[APOLLO 16]. LUNAR SURFACE FLOWN MAP OF THE LUNAR SURFACE, SIGNED AND INSCRIBED BY CHARLES DUKE
ORIGINALLY FROM THE COLLECTION OF APOLLO 16 LUNAR MODULE PILOT CHARLIE DUKE
APOLLO 16 LUNAR SURFACE MAP, USED ON THE LUNAR SURFACE
TAKEN IN THE LUNAR ROVER ON ALL THREE LUNAR EXPLORATIONS OF THE DESCARTES HIGHLANDS
LUNAR SURFACE FLOWN Apollo 16 lunar surface and topographical maps of Descartes Walking Traverses EVA-I, II, III, from the LM Lunar Surface Maps, Part No. SKB321000126-371, S/N 1001, April 1972. Two sided, heavy 8 by 10 1/2 inch lunar surface map, recto with photographic lunar surface map with grid, showing features including the LM landing site, flag plant site, "Turtle Mountain", "Palmetto", "Lone Star", "Eden Valley", "Merriam", and "Survey Ridge" among others; verso with topographic map of same site. SIGNED and INSCRIBED by CHARLES DUKE: "THIS MAP WAS FLOWN TO THE LUNAR SURFACE BY THE CREW OF APOLLO 16. IT WAS USED TO NAVIGATE DURING THE EVAS AT DESCARTES ON THE CAYLEY PLAIN. CHARLIE DUKE. APOLLO XVI."
During their 71 hours on the Moon, Lunar Module Pilot Charlie Duke, and Mission Commander John Young conducted three EVAs (Extra-Vehicular Activity, or Moonwalks), spending just over 20 hours on the lunar surface. The EVAs included three traverses in the lunar rover, during which they deployed 9 different experiments, photographed the lunar surface, and collected lunar samples from 11 different sites. This map accompanied them on the Lunar Rover, and was to be used as their primary navigation instrument should the Lunar Rover become inoperative.
Charles Duke's provenance letter reads: "This map of the lunar surface marked Descartes Walking traverses-I, II, III that I have presented to you was carried to the moon as part of the Apollo 16 checklist and data package. The entire package was stowed, initially, in the Command Module "Casper". Then once in lunar orbit, I transferred the package to its stowage compartment in the Lunar Module "Orion." As I descended the ladder to the lunar surface for our first EVA, this map and others plus cameras and film were carried by me for stowage on the Lunar Rover. These maps were to be used by me and John Young to navigate to our objectives during our lunar stay. This map was to be our primary navigation instrument in the event the lunar rover was inoperative. It was stowed with the other traverse maps on a special clip on the side of the rover instrument panel. Since returning the map from the Moon, it has been in my possession. Be a good caretaker. Keep the map as a remembrance of the Apollo Era. May it serve as a symbol to remind future generations that, God willing, there is no goal or dream that is impossible to achieve or as Rene Descartes says "There is nothing to far removed from us that we cannot reach it, or so hidden that we cannot discover it."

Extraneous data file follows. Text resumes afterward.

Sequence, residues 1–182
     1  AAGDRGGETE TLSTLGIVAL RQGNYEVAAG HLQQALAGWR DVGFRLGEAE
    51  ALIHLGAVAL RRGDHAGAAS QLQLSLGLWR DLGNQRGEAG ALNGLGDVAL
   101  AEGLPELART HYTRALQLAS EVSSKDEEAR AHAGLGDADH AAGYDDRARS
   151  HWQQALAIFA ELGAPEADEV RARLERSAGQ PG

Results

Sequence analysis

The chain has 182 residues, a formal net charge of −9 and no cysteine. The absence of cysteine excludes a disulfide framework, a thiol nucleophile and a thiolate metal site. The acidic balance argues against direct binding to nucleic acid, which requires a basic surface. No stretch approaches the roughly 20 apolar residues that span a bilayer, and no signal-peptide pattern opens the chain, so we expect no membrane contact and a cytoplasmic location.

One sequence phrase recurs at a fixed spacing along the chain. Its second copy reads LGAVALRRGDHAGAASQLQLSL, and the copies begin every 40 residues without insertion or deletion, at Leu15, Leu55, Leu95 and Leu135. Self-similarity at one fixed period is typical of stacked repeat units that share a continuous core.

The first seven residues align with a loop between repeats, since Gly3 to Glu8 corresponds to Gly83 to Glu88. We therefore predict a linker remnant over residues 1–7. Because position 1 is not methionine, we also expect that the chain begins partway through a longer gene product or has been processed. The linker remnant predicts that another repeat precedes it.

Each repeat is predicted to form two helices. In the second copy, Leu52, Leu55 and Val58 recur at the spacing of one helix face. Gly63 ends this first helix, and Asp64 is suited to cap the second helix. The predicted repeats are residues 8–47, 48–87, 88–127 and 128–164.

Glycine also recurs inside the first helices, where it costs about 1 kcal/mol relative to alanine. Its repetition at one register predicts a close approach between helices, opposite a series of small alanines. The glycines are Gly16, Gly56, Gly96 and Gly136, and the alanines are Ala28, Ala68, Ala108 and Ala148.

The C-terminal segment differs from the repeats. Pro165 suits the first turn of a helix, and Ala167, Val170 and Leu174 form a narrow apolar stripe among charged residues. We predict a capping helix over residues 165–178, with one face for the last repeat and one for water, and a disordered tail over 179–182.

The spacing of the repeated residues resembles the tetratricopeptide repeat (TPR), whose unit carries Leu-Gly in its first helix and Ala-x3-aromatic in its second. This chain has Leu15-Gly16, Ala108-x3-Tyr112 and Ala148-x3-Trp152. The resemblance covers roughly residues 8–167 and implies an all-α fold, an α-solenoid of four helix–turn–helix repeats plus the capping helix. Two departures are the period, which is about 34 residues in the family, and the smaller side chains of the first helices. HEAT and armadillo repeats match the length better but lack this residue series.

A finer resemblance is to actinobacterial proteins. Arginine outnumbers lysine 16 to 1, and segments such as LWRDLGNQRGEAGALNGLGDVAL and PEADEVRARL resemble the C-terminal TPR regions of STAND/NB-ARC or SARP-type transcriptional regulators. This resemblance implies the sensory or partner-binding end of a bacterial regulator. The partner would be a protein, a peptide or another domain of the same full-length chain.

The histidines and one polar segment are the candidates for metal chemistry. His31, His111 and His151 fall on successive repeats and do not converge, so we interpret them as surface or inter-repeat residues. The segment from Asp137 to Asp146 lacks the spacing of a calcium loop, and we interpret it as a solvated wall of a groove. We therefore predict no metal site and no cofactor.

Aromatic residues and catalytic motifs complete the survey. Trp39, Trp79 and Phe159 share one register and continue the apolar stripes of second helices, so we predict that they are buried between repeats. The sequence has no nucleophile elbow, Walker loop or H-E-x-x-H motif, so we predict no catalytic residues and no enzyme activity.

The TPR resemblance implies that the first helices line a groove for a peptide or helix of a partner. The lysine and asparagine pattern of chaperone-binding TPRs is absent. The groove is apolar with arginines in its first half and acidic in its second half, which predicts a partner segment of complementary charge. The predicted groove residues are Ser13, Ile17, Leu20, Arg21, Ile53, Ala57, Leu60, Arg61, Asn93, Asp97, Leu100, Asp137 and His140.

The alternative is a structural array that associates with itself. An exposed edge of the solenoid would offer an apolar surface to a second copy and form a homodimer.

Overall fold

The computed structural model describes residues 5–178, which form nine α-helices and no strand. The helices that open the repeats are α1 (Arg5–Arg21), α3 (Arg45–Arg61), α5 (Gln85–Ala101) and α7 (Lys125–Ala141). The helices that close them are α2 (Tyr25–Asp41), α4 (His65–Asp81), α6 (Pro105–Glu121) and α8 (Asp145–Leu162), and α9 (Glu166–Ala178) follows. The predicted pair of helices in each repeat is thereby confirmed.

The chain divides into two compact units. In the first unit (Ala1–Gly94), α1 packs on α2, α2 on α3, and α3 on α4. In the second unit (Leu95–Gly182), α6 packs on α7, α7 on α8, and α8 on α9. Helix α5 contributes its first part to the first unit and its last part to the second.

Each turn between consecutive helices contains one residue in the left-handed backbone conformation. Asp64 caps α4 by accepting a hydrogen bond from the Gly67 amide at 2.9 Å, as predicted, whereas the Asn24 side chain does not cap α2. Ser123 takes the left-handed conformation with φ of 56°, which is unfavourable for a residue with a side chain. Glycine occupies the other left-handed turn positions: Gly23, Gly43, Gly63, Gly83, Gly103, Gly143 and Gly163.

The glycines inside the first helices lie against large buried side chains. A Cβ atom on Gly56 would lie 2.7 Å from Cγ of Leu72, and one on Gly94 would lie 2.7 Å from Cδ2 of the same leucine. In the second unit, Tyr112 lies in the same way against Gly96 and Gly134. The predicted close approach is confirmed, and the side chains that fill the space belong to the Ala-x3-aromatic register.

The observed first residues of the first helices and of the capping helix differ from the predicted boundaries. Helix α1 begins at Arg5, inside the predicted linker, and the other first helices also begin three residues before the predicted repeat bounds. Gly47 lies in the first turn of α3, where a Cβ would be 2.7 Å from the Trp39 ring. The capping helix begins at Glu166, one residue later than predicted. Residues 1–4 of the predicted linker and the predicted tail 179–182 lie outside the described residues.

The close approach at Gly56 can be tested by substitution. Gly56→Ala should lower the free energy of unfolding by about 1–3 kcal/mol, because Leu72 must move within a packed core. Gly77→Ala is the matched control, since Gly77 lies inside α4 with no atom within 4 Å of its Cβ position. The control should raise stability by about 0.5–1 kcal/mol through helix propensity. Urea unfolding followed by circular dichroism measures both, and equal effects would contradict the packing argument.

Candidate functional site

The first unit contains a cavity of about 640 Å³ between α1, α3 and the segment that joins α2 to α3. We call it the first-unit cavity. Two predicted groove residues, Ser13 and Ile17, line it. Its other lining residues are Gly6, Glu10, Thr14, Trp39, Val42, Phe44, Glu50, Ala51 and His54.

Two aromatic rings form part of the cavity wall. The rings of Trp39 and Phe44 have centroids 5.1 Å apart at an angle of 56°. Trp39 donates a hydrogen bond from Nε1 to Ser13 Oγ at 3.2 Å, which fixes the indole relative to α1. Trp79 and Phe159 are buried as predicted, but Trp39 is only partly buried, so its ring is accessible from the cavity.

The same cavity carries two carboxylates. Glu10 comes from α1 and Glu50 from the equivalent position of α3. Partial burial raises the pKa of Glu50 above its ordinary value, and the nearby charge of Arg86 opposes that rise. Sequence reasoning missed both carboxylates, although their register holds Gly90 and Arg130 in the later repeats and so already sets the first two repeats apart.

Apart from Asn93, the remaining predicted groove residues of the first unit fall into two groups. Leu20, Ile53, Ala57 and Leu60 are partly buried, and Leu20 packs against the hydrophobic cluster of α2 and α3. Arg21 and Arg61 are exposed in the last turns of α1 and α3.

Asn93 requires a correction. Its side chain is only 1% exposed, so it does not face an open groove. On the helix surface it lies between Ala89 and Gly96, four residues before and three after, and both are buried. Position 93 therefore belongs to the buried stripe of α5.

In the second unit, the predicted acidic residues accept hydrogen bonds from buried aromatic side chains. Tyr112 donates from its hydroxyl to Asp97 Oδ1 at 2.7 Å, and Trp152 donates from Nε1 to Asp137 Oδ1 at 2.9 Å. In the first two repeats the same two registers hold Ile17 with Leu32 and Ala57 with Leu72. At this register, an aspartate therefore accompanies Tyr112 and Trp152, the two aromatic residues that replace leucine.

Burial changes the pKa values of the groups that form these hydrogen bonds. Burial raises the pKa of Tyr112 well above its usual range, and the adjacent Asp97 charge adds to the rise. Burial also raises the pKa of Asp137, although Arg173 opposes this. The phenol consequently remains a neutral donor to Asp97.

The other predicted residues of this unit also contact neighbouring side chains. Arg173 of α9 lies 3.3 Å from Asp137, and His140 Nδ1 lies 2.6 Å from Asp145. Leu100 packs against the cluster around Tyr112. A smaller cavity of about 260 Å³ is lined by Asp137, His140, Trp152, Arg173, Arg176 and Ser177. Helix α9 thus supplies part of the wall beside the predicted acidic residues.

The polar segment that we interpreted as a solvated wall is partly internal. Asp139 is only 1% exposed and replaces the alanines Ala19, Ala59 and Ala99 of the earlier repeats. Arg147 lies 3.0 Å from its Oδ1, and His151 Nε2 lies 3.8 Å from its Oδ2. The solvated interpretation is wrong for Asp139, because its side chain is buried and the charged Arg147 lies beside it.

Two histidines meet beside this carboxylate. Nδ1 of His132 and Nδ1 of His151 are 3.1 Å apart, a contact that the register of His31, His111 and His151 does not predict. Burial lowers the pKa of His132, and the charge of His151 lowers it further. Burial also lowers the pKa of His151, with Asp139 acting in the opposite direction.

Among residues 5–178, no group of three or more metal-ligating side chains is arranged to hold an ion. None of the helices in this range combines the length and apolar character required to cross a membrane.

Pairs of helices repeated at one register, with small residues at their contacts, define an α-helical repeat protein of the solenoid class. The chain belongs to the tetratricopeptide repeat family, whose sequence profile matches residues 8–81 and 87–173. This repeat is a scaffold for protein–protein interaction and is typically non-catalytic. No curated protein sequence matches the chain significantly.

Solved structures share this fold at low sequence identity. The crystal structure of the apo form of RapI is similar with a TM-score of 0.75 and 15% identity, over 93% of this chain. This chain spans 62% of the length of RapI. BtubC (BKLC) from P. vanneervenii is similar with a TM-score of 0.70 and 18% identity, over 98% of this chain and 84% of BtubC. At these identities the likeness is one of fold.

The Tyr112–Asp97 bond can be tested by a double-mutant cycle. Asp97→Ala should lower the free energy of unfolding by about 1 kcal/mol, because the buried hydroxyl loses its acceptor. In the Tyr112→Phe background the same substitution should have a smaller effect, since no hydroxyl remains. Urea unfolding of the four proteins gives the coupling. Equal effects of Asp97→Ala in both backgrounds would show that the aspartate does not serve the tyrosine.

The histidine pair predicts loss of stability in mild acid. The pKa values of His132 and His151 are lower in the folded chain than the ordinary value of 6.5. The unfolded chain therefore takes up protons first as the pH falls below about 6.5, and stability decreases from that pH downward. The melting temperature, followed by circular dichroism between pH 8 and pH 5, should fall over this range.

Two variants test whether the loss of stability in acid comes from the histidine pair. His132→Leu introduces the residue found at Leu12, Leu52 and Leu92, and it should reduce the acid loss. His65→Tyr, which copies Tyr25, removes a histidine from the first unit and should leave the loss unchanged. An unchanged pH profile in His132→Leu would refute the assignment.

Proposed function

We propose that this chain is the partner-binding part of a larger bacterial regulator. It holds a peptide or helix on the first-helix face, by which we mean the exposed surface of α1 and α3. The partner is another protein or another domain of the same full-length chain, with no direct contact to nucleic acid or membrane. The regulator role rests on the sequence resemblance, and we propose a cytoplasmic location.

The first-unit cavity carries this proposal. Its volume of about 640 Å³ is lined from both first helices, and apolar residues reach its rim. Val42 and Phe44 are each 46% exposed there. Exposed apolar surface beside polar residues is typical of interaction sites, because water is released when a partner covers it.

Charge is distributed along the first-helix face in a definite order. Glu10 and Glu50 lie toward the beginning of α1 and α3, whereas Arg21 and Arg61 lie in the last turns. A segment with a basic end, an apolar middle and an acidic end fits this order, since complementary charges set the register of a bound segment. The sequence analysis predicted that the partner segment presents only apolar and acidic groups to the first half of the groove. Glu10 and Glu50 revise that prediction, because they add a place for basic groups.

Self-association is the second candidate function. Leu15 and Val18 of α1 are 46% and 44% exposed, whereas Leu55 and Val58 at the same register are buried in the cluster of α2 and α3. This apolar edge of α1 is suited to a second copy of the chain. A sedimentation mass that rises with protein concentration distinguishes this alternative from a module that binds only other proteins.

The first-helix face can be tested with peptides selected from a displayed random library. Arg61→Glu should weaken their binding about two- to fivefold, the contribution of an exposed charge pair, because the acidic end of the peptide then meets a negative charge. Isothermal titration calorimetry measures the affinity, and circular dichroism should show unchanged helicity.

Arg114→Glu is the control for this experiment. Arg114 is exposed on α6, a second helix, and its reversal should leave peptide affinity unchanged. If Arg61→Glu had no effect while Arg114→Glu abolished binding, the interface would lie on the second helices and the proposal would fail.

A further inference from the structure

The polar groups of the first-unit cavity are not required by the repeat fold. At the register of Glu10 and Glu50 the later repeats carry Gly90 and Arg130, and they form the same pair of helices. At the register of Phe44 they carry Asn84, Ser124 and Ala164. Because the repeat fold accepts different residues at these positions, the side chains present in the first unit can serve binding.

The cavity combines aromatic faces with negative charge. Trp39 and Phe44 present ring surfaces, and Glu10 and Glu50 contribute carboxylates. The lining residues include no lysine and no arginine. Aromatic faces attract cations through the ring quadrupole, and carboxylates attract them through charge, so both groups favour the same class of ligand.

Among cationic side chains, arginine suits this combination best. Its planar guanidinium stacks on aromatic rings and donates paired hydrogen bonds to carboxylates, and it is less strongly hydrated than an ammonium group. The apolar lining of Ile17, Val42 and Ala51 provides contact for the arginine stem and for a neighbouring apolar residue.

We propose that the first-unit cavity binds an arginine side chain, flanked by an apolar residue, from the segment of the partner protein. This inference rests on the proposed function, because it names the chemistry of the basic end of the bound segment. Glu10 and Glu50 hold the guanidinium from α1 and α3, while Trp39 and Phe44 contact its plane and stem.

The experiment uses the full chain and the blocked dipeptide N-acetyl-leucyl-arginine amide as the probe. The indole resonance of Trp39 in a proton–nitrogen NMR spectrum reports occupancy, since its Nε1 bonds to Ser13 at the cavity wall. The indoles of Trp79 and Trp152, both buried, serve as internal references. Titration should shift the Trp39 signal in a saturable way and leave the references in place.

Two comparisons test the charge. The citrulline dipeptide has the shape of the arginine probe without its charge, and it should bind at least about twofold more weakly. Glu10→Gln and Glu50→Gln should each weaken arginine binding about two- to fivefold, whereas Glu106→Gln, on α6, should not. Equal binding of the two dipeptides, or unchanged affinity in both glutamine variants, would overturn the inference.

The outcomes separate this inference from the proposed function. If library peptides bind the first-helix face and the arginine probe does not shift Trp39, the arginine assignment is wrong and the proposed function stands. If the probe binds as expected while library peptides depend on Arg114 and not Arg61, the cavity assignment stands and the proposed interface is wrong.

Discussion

NASA. Apollo 16 Stowage List. Mission J-2 CM-113/LM-11. Houston: Manned Spacecraft Center, April 18, 1972, page 49